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Missing falcon is back in Middleburg

April 22, 2008
By Mary Margaret Pecht, Sentinel reporter, mmpecht@lewistownsentinel.com
MIDDLEBURG — Hollywood flew the coop on April 6, but she seems happy to be home now, an exuberant Mike Dupuy said.

The Saker falcon, owned by Dupuy, of Middleburg, was found Sunday in the yard of the Aaron Resnick family in Westfield, N.Y., within sight of Lake Erie.

The bird had escaped from Dupuy’s falcon house at Mike Dupuy Falconry on April 6, without a tracking device or the bells normally used to locate falcons. She wasn’t wearing these items because she wasn’t supposed to be out of the house, Dupuy said. She just swooped out of the door when he opened it, he added.

Dupuy said he received a call from the breeder of the falcon on Sunday, telling him the hawk had been found. The breeder’s name was on a leg band worn by the falcon.

“Actually, the falcon found me and my family. It approached us at a pretty close proximity and we quickly identified that it was a friendly bird.’’ Resnick said.

He said the falcon had spent the night roosting on his rooftop. On Sunday, the Resnick’s cat brought in a mouse from the field. Afraid the bird would hurt the cat, they put the cat in the house, and the falcon swooped down to feast on the abandoned mouse.

“I’m assuming that’s how we came to be pretty good friends, after he had a nice meal,’’ Resnick said.

“We did some homework and learned that it was a falcon. We were trying to read what the bird had located on her foot. Once we saw the band and the fact that she had a tether on, it was obvious she was an animal that was very important to someone, which turned out to be the case.’’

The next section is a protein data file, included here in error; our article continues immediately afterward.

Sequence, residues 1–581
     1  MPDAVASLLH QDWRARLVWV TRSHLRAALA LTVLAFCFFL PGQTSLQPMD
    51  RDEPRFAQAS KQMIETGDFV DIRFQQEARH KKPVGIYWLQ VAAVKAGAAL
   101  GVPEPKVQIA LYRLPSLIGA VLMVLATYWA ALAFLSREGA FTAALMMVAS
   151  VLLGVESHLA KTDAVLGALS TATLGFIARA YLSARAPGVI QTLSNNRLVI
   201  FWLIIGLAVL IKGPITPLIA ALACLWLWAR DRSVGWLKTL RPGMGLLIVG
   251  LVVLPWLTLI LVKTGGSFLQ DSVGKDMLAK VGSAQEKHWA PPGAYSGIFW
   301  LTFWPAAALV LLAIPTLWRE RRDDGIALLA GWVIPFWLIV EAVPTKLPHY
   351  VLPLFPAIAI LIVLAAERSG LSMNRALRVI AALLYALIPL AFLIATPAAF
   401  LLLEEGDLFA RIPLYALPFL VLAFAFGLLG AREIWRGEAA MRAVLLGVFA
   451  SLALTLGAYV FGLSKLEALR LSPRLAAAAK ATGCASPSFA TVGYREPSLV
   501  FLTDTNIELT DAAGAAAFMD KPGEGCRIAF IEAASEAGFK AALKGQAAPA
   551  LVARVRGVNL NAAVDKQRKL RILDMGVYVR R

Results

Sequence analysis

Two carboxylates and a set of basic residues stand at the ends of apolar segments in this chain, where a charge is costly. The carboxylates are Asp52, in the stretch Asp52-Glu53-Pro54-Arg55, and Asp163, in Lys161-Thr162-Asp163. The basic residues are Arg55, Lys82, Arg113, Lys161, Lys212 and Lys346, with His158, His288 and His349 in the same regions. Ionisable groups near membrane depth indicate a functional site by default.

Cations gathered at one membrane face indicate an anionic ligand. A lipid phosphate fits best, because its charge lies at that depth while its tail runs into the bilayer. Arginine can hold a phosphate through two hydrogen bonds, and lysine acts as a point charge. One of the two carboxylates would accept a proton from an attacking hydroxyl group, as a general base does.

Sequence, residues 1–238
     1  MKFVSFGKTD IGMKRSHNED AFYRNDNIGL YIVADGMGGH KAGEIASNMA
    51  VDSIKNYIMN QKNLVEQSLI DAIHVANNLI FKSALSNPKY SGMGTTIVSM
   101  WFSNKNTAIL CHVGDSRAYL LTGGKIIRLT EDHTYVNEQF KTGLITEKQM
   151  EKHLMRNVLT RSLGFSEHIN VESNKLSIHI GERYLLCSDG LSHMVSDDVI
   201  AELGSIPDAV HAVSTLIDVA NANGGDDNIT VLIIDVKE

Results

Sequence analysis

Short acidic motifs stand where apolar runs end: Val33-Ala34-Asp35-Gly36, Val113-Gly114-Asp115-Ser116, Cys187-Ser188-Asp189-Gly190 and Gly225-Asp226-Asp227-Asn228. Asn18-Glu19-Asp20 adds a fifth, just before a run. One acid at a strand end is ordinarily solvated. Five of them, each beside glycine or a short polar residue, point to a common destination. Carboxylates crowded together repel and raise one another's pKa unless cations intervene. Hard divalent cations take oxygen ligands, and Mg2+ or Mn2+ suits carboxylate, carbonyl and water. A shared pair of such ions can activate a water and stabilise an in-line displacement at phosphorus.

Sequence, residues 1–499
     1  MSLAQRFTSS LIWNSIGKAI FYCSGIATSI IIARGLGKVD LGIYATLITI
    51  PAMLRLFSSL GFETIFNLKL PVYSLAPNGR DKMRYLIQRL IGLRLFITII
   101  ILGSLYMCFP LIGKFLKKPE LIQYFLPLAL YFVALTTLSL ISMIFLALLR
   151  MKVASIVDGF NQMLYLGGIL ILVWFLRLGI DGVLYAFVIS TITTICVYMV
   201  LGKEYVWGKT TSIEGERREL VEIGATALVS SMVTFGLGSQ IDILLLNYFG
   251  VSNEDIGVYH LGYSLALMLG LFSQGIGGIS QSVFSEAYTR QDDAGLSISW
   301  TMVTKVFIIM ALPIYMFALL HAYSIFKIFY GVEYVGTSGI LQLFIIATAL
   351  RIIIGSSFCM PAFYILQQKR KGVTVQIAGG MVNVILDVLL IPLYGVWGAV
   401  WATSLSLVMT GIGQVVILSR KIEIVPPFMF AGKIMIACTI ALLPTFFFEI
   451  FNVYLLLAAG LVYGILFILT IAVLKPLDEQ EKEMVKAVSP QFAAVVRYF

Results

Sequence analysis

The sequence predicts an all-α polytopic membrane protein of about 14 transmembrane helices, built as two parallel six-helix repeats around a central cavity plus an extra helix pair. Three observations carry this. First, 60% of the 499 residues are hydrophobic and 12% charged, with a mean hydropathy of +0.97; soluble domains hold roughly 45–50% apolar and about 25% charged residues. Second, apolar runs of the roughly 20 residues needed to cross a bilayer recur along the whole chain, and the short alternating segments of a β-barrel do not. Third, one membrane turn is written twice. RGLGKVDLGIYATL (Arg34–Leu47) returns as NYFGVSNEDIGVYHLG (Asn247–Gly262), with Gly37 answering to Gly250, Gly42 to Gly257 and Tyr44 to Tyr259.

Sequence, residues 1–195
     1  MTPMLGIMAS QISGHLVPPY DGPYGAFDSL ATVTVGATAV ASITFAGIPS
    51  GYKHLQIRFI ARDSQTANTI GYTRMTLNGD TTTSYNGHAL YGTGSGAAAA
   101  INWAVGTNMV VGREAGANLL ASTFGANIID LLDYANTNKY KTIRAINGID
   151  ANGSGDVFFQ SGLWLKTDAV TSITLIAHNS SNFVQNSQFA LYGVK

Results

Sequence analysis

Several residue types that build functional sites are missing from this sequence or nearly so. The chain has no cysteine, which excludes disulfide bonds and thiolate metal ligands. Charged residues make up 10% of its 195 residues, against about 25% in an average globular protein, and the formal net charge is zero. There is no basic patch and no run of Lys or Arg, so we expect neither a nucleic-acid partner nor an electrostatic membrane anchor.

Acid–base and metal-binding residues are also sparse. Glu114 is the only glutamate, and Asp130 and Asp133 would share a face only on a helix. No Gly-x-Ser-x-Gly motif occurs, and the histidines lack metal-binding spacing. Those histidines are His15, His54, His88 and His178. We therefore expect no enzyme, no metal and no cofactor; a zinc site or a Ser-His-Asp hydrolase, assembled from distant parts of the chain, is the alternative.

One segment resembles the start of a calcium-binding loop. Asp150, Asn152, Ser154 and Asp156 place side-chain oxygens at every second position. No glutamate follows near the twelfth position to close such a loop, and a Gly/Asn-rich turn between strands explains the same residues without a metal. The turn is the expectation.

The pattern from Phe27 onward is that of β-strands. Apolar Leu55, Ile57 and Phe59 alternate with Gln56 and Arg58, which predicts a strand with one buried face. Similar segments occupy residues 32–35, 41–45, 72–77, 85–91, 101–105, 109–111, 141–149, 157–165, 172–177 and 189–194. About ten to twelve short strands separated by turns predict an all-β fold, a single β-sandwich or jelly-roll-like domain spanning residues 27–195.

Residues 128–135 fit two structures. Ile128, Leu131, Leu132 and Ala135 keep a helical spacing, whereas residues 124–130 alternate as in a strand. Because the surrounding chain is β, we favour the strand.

Dupuy said he talked with Resnick, and told him by telephone how to pick up the falcon.

“He called her in on a piece of ham,’’ Dupuy said.

The Resnicks put the falcon in their garage until Dupuy showed up to claim his Saker.

Dupuy said Hollywood appeared very glad to see him, bobbing her head up and down and screaming as she perched on his fist.

“It was very different than the way she interacted with me,’’ Resnick said. “It was obvious a total bond existed there.’’

It was a five-hour trip each way — 281 miles each way by car — but Dupuy and the falcon arrived home to Middleburg at 3 a.m. Monday.

Dupuy said he never lost hope he would find the prized falcon and had sent messages to many falconers through the Internet to be on the lookout for her.

“She’d lost a lot of weight, but it was good to get her back. I was just happy to see her,’’ Dupuy said.

As for the Resnicks ...

“We really enjoyed the experience. It was something very special for me and my family,’’ Resnick said.

Since this was Hollywood’s second long-distance foray into the wild blue yonder — she’d made an unscheduled 365-mile trip to the Virginia-North Carolina border last fall — Dupuy said he probably will keep a radio transmitter on her all the time, just in case she gets the urge to take to the skies on her own, again.

Dupuy and his falcons were featured in the D- section of The Sentinel on Saturday.

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